But whatever the case, it doesn’t mean you are bad or unlovable; it just means you haven’t found the right person yet. My very best friend is a wonderful girl who I only met about 6 years ago give or take, so you just may not have met them yet. In fact, when I met her, we didn’t exactly hit it off, not that there was anything I didn’t like about her, or vice versa, we just didn’t really chat much. It was only about 3 or 4 years ago that we really clicked.
The same for my boyfriend too, I knew him for 4 years before anything developed (mainly because I was in denial for quite a while about my feelings for him but there you go.) and even when things did start to go in that direction, I tried to stop it because I was sure he would leave as soon as he found out I wasn’t as stable as I let on. Funnily enough though, when I explained it all to him and told him literally anything, his only reply was “don’t be silly, I won’t leave you over something like that.” Which, incidentally is the best thing he has ever said to me, it even topped “I love you.”
So you never really know who is going to end up meaning the most to you in the end. My biggest piece of advice for you now, is to be yourself. I know it can be hard, especially if you’re like me and have put on an act from an early age, but this is important. If you want to make lasting relationships with people who will love you the way you deserve, you need to be the person you tell them you are. If you’re selling a car that’s broken but you just paint it all fresh and stick a new number plate on it, you aren’t going to get a satisfied customer are you? It’s the same with yourself, if you want people to care for you, the real you; they need to know who that is.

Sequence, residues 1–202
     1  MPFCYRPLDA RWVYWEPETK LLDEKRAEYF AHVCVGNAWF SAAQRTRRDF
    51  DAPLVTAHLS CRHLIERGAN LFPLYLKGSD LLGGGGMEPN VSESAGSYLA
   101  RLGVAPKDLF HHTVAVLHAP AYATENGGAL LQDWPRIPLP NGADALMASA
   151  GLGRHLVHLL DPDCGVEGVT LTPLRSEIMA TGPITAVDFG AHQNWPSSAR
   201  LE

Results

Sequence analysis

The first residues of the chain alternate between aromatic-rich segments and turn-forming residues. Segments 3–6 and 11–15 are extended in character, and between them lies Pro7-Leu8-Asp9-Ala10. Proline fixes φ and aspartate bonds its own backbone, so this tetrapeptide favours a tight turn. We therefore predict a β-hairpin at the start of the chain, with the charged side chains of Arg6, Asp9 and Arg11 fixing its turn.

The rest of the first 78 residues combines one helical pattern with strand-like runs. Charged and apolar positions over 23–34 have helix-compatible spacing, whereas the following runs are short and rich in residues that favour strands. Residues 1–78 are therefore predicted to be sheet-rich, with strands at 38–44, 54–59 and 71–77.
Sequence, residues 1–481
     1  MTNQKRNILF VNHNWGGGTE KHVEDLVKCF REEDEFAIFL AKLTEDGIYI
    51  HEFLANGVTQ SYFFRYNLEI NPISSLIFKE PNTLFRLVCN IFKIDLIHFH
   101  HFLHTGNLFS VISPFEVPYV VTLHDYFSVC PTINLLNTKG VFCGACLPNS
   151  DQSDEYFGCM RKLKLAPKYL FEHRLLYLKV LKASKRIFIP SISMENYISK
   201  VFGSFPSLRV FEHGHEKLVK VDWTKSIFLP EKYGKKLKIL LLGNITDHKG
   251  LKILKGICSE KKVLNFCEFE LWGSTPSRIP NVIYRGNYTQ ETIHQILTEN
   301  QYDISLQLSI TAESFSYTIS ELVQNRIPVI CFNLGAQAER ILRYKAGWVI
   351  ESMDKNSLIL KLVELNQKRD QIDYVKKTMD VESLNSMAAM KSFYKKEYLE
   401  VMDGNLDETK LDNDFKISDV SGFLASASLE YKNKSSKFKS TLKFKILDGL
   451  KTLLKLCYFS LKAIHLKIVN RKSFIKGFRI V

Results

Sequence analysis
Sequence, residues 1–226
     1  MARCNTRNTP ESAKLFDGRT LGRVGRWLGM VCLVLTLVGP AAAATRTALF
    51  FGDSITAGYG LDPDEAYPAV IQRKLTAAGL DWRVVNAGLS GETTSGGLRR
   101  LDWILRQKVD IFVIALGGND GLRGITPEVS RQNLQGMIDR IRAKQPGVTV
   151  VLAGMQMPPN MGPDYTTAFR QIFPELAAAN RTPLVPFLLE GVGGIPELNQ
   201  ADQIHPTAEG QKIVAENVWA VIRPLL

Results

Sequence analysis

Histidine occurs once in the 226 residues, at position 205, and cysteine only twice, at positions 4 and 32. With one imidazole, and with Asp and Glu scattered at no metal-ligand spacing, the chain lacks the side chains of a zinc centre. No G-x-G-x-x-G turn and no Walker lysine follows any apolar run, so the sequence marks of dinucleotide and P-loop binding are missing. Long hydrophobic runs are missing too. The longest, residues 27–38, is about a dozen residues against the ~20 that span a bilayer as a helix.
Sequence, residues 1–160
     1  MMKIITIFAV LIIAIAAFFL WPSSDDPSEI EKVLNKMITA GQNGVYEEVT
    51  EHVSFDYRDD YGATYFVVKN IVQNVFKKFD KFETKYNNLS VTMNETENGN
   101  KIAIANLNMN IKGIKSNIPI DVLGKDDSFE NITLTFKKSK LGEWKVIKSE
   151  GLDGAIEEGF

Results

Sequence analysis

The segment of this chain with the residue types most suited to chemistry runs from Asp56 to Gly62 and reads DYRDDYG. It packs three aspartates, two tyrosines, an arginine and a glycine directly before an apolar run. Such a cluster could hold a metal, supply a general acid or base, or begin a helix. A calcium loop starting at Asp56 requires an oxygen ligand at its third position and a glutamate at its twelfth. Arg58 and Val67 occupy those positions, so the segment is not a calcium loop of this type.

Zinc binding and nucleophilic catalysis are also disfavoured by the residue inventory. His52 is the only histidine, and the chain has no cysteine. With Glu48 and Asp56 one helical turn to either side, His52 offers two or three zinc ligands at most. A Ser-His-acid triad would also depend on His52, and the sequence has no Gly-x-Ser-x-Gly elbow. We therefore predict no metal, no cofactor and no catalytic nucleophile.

It may take a while to find the people you fit with, it could take years, it could end up that the person you’ve never liked ends up being your best friend, you don’t really know how these things will turn out.
But as well as showing who you are, find out who they are. Don’t just believe what they show on the surface, dig deep to see if there’s another person hidden under the mask, you never know, they could be like you, scared and hiding. Nowadays 1 in every 4 people suffer from mental health illnesses, so chances are, they’re just as nervous as you.
Be honest, as honest as you can bear to be, because even if everyone you’ve ever known leaves you for showing them your true self, you will find your place somewhere, no matter how long it takes. There are some wonderful people out there in this world, show them how wonderful you are and they’re sure to stick with you to the end.